When being presented with consistent and repetitive sensory stimuli, the human brain creates a predictive "memory trace" against which subsequent stimuli are compared. When later stimuli do not match this predictive model, a highly localized negative shift in the brain polarity occurs. This response, known as the mismatch negativity (MMN), is believed to represent a pre-attentive deviance-detection mechanism that serves to provide direct attention toward unanticipated events. At present, there are conflicting data as to whether visually generated and auditorily generated MMNs interact, or whether they are mediated by independent sensory-specific networks. We present compelling evidence that visual and auditory MMNs are strongly correlated, and that, upon presentation of dual-sensory "audiovisual" deviants, this synergy is heavily dictated by an individual's unique visual response. This finding is suggestive of inhibitory interaction between the visual and auditory MMN networks. The characterization of this correlation helps one to explain (and explain away) much conflicting data published to date and opens the door to many questions regarding individual perception. © 2013 Springer Science+Business Media New York.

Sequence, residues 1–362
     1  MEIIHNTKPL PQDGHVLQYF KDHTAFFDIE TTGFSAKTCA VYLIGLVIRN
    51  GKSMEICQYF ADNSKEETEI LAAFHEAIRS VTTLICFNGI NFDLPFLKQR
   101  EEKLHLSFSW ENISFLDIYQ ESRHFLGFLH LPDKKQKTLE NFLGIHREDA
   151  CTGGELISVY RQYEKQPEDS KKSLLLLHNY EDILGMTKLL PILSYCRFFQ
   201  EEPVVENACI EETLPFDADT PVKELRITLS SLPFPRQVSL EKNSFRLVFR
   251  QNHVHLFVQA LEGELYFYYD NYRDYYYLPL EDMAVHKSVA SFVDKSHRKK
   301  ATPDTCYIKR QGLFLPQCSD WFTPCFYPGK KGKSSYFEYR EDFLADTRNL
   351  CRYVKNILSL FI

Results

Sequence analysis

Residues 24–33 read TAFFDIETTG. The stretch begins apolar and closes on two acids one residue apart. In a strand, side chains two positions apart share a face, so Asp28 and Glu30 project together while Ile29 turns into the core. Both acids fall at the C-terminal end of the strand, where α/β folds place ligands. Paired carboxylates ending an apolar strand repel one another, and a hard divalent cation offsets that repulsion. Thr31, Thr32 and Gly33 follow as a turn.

Horvath, J. C., Schilberg, L., & Thomson, J. (2013). Does sight predominate sound? Electrophysiological evidence for multisensory mismatch negativity correlation. Neurophysiology, 45(5–6), 459–467. https://doi.org/10.1007/s11062-013-9394-1